There were bright pink and orange and blue post-its everywhere. It looked just like the Innovation Lab at Haas had looked weeks before as we ran through an exercise during our Problem-Finding, Problem-Solving class. But we were 6,500 miles away from Haas, many of the post-its were written in Portuguese, and the stakes were high.

The São Paulo IBD team was facilitating a three-hour rapid ideation workshop at the major pharmaceutical company Novartis, leading a group of 16 senior-level employees through the human-centered design cycle to generate ideas about why patients don’t adhere to their medication. Our fear that directions would be lost in translation given the language barrier was immediately assuaged as people openly shared personal journeys with chronic illness and others wrote down observations. One woman shared her personal experience being treated by a physician for a chronic illness. He chose not to pursue aggressive treatment because he didn’t want to impose physical pain on his patient. She was left feeling out of control over her own life, and her emotional and physical suffering only increased over time. This led to an insight around shared decision-making and that a personal physician relationship is foundational to patient engagement and medication adherence.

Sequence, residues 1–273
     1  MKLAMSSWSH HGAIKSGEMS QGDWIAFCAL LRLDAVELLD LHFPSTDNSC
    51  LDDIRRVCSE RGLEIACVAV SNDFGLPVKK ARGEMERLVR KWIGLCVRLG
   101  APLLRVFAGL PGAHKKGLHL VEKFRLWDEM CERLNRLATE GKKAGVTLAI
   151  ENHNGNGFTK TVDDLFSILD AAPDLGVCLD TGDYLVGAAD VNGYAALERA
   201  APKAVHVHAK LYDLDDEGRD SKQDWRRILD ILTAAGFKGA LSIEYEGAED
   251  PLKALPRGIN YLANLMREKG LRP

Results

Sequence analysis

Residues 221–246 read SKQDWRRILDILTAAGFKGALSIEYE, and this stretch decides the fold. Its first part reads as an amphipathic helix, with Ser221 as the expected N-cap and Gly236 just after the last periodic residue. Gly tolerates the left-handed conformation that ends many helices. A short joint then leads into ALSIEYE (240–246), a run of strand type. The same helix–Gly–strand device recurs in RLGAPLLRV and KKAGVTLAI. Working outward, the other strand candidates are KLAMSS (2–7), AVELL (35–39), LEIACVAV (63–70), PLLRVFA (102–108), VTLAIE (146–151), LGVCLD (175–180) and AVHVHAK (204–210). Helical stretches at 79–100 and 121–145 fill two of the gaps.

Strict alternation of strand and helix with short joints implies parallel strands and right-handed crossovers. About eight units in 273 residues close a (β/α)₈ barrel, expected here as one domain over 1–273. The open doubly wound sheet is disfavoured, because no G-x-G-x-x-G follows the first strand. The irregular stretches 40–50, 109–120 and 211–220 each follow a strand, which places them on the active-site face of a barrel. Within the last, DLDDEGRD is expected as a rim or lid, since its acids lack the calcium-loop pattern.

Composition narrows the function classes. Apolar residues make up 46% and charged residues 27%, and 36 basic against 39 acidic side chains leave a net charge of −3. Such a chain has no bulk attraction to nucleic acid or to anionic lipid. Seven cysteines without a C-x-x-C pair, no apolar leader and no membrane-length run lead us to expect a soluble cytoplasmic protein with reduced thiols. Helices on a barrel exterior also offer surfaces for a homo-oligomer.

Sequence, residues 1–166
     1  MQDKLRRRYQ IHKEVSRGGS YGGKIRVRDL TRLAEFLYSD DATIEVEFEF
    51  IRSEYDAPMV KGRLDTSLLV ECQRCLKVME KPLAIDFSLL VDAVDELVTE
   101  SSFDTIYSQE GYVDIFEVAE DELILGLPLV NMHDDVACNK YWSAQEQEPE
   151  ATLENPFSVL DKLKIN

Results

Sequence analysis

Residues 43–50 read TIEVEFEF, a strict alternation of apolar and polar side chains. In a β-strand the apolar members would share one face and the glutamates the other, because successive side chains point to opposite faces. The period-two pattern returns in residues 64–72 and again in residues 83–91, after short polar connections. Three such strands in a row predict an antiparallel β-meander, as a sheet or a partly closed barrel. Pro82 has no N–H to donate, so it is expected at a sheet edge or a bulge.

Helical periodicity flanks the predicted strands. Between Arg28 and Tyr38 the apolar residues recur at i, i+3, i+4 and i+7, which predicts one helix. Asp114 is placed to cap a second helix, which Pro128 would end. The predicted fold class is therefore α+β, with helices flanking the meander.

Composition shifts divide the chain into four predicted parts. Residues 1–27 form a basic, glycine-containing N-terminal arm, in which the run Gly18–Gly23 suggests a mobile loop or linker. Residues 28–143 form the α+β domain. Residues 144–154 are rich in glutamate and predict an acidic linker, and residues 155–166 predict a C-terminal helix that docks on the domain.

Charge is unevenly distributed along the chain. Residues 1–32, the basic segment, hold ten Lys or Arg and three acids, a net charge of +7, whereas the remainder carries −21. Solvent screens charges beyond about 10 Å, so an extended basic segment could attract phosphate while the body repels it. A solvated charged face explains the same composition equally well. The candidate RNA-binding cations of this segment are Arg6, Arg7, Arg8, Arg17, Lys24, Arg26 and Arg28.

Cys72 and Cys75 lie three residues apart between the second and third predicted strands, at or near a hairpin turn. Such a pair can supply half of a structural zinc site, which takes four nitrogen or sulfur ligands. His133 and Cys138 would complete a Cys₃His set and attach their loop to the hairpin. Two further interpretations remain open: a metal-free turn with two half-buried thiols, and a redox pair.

Sticky notes

After the workshop, we received such a thoughtful WhatsApp message (the primary mode of communication – even for Novartis professionals!): This was so great, I’ve worked here for so long but I forgot that I’ve been the patient too.